South African shares may be on the brink of a breakthrough - but two things need to happen
- If the Reserve Bank starts to cut rates in July - and history repeats itself - better times may be ahead for the local market.
- Over the past half a century, South African shares have never failed to enjoy strong gains in declining interest rate cycles, an analysis by a portfolio manager shows.
- For more stories, go to Business Insider SA.
It will be a massive surprise if the Reserve Bank doesn’t cut rates when the monetary policy committee announces its decision on July 18th.
The evidence in support of a cut is overwhelming: the economy is bleeding, inflation remains in check, the chairman of the Fed has confirmed that the US will cut rates soon, and the rand is looking well-behaved.
If South Africa’s experience over the past 46 years repeats itself, if the cut is followed by more decreases, it could signal the start of strong gains on the JSE.
Since 1973, the local market has always seen strong gains when during a declining interest rate phase – without exception, an analysis by Schalk Louw, portfolio manager and strategist at PSG Wealth Old Oak, shows.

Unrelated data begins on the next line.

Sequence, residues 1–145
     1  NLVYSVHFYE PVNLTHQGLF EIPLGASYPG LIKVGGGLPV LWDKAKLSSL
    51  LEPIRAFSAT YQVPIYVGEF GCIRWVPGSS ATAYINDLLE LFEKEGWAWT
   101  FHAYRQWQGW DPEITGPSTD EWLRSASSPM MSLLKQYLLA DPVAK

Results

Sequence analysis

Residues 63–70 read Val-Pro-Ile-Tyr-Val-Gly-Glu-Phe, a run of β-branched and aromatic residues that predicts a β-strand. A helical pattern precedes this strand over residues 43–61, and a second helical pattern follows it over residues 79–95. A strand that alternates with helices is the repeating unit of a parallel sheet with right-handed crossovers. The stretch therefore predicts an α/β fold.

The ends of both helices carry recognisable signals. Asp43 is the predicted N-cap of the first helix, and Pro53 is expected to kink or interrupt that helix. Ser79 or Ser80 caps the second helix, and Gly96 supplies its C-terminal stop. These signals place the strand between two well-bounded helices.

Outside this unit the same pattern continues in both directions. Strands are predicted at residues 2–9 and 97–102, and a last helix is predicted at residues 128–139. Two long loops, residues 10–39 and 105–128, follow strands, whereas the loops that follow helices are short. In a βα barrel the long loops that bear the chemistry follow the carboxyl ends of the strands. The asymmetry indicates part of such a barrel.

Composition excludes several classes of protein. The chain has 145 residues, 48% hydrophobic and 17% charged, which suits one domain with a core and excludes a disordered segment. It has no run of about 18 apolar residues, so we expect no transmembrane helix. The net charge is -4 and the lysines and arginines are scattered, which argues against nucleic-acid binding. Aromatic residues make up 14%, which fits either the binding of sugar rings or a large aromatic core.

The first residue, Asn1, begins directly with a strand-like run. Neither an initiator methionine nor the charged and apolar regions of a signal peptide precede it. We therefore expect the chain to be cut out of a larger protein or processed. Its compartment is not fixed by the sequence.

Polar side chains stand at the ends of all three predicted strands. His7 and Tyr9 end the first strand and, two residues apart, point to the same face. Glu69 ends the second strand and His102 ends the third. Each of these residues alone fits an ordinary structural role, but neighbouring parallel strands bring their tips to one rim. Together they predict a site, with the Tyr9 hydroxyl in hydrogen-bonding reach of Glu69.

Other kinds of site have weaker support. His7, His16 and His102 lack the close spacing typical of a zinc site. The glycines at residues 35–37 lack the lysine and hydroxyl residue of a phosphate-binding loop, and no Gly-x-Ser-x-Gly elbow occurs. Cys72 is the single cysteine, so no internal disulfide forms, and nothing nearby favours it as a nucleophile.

A declining interest rate phase is the period when rates move from a high to a low point - in the past 46 years, these periods lasted on average 32 months in South Africa. Rising interest phases (when interest rates are increased) spanned average periods of 31 months.
“When we consider the equity markets during these phases, it is quite striking that we never saw a negative market during a declining interest rate phase since 1973. On the contrary, the market bloomed like the Namaqualand in spring,” says Louw.
The average growth during a declining interest rate phase between 1973 and 2015 was a staggering 36% per year, while you would have only earned 0.5% growth on your capital during a rising interest rate phase.
The following graphs show that you would have outperformed the money market during the past six declining interest rate phases, while this would not have been possible during a rising interest rate phase.
From July 2012 to March 2016, when interest rates rose, the JSE’s all share index delivered an average gain of less than 4% a year (15% over the period) , below inflation.
Since then the Reserve Bank has zig-zagged on rates, with no clear rising or declining phase:
During this time, share prices have been struggling, and the JSE is now lower than a year ago.
Louw believes that if rates do start to decline from next month, and a declining cycle starts in earnest, this could shift the market’s trajectory.
“Whether you believe in historical movements or not, shares and interest rates clearly go hand in hand.”
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